Category Archives: Poetry

Mi noche triste (1917)

“Mi noche triste” is regarded as the first tango canción or tango song. It was recorded by Carlos Gardel in 1917 with the lyrics of Pascual Contursi and the music of “Lita” by Samuel Castriota.

The story features a man talking in his imagination to a woman who left him. He tells her how he misses her in little details of everyday life and describes familiar domestic objects which have gone missing or became useless; the guitar isn’t making any sound, the lamp doesn’t produce anymore light and yet he leaves the door open at night in case she comes back.

The style is simple but sets a new standard for tango lyrics in terms of conveying intimate emotions and developing into a complete story line. Before “Mi noche triste“, tango lyrics had been composed by performers of the guardia vieja such as Ángel Villoldo and Alfredo Gobbi but they were infrequently used and often limited to a refrain which did not allow for  such a deep exploration of the characters and their story.

“Mi noche triste” was first interpreted by Contursi himself in the cabarets of Montevideo where he used to perform at the beginning of his career. It was originally entitled “Pecanta que me amuraste” which in lunfardo means “woman (lover) who isolated (abandoned) me” as in the now famous first line of the song.

Percanta que ma amuraste en lo mejor de mi vida, 

dejandome el alma herida y espinas en el corazon

When Carlos Gardel came to Montevideo in 1917 he met Pascual Contursi and accepted to include this very peculiar tango to his repertoire and in 1917 he recorded it under the title of “Mi noche triste.” This was the first tango Carlos Gardel ever included in his repertoire. Back in Buenos Aires it was presented as a part of the sainete “Los dientes del perro” and performed at the Teatro Esmeralda by the orchestra of Roberto Firpo.

The success of “Mi noche triste” was such that many other other tangos were composed in that style. A new genre of tango song quickly emerged and gained popularity through other sainetes and through the voice of Carlos Gardel.  

Though “Mi noche triste” was not the first tango to be written by Pascual Contursi, it is known as the first tango song because of its popularity and the profound impact it had on the evolution of tango. The success of Mi noche triste” is a part of a chain of events that led to the renovation of tango and the emergence of the guardia nueva.

There is a 1952 movie by Lucas Demare entitled “Mi noche triste” based on the life of Pascual Contursi. π

___

[1] Del Priore, Oscar, and Irene Amachástegui. Cien tangos fundamentales. Buenos Aires: Aguilar, 1998.

[2] Gobelle, José. Mujeres y hombres que hicieron el tango. Librerias Libertador, 2002. Print.

Lunfardo

The Lunfardo is a popular language or slang characteristic of the Rio de la Plata. It appeared during the second half of the 19th century, just as tango did, as a result the massive immigration and cultural mixing which accompanied the expansion of the city of Buenos Aires. It is mostly composed of italian words from the genoese, toscan, napolitan and sicilian dialects as well as other expressions of afro-brasilian, Spanish, aboriginal and gauchesco origin. [3]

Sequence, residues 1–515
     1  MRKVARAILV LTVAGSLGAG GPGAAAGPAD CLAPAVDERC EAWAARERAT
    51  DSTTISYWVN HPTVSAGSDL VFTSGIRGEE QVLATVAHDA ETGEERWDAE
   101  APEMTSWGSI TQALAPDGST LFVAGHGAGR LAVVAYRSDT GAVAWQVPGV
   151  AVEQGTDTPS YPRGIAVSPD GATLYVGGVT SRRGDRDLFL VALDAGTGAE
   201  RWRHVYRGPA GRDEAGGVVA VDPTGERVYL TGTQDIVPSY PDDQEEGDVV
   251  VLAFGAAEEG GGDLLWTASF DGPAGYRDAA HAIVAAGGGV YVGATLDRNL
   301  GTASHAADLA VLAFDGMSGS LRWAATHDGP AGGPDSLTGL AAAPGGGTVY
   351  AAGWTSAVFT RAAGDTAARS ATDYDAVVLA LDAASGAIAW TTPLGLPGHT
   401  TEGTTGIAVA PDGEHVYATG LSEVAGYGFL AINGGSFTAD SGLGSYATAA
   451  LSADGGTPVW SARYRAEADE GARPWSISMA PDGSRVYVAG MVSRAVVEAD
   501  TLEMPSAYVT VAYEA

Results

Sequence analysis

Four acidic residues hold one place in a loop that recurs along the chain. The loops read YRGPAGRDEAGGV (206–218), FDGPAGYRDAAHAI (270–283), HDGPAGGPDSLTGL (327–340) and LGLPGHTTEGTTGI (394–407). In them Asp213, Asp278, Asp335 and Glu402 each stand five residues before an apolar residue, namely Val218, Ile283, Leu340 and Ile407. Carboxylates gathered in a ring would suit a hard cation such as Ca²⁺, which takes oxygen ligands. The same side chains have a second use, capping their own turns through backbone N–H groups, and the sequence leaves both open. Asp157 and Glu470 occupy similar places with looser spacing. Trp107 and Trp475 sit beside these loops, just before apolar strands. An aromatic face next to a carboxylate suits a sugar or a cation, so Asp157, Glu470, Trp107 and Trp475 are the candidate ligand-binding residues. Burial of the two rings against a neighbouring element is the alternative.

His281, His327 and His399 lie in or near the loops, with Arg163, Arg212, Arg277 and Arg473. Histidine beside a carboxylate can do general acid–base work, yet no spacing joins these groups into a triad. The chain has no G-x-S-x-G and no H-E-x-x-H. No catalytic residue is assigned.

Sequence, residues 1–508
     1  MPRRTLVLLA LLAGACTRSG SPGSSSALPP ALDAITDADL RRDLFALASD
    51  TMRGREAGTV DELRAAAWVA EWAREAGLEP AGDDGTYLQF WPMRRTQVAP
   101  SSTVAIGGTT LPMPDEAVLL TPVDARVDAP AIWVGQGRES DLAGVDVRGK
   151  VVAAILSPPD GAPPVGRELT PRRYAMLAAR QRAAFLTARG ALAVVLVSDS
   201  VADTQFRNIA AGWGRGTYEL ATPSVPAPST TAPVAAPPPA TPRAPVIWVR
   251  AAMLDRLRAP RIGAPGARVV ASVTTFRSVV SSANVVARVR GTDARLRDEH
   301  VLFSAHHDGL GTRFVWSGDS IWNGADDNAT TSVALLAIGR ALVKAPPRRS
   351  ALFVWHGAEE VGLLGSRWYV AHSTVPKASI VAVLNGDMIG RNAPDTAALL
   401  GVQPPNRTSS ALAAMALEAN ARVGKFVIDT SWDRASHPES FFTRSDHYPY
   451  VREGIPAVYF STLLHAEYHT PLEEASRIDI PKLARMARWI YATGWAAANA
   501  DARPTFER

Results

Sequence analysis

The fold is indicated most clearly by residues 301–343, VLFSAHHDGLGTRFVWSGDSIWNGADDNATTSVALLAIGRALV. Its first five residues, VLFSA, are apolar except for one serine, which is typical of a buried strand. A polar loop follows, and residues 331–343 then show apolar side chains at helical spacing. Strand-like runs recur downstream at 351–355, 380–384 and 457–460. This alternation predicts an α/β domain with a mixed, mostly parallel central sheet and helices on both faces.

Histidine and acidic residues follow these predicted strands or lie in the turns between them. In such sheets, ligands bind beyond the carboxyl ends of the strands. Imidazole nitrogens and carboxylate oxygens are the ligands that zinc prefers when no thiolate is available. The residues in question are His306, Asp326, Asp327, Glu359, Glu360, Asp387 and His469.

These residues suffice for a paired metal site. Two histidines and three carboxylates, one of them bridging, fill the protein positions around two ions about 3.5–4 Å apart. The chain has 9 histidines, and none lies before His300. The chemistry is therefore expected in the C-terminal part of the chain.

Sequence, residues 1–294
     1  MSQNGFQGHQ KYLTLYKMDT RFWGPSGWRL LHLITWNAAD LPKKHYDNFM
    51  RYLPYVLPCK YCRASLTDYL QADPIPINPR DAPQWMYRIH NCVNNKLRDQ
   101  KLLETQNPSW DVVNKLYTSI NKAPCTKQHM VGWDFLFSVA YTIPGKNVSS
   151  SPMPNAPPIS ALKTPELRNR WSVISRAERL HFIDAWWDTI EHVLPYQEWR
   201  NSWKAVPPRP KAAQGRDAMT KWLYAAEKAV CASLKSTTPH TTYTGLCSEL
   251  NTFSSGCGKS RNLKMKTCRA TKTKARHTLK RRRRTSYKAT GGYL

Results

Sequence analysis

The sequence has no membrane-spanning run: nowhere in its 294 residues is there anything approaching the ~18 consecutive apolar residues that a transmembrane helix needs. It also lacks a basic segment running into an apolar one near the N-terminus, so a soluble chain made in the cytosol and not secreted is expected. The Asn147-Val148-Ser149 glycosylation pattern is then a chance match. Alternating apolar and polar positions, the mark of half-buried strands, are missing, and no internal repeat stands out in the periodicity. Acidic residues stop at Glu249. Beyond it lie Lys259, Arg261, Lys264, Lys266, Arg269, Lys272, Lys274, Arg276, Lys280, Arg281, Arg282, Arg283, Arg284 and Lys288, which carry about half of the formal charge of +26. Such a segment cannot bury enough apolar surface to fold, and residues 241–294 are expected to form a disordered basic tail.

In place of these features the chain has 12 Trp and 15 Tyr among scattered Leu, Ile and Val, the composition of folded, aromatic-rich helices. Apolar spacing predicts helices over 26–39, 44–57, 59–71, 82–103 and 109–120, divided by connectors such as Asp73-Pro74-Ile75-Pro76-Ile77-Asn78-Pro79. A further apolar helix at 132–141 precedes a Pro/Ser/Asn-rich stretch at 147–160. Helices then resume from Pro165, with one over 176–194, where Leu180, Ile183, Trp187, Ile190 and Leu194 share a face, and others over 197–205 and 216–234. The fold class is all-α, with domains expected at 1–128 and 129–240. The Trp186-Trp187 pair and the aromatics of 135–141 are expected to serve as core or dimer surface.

Like any other argots or slang, the lunfardo is not a language in itself but a set of words and expressions which are not a part of the official language. According to Jose Gobello, who was the first to study the phenomenon in the 1950’s, lunfardo expressions were initially meant to be unintelligible or playful. Lunfardo is a voluntary transgression of the official language. [4]

It is often said that the lunfardo was “the language of the thieves” (the word “lunfardo” itself refers to “lombardo” meaning thief) though it was most probably and simply the language of the streets at a time when things could get rough in the suburbs and poor zones of the city center.

As the city of Buenos Aires continued to expanded and develop at the beginning of the 20th century the lunfardo became a part of the new urban culture. It was naturally present in the lyrics of the music which was born of the exact same urban context, the tango. It was immortalized in the rudimentary lyrics of pioneers such as Angel Villoldo as well as those of  Pascual Contursi, Celedonio Esteban Flores and other poets the 1920’s.

During the dictatorship in the 1930’s the lunfardo was banned from all media in Argentina along with other improper language or allusions to undesirable topics. [1] As a result the lunfardo disappeared completely from tango lyrics during the golden age. When the prohibition was lifted in the 50’s it proudly reappeared in popular culture including late tango recordings and Argentine rock songs [2]. The lunfardo had become a symbol of national identity and remains present in everyday language to the point of being integrated to or undistinguished from the official language.

The Academia Portena del Lunfardo was funded in 1962 to document the history and evolution of this phenomenon. Over 6000 lunfardo words and 3000 expressions have been identified from contemporary and historical sources. π

_________

[1] Fraga, Enrique. La prohibición del lunfardo en la radiodifusión argentina 1933-1953. Buenos Aires: Lajouane, 2006.

[2] Gobello, Jose, and Marcelo H. Oliveri. Tangueces y lunfardismos del rock argentino. Buenos Aires: Corregidor, 2001. Print.

[3] Conde, Oscar. El lunfardo es un fenómeno linguístico único. Pagina12. Online. https://www.pagina12.com.ar/105340-el-lunfardo-es-un-fenomeno-linguistico-unico

[4] Entrevista a Jose Gobello. Revista El Abasto.  n .68, Aug 2005. Web. Sept 2016.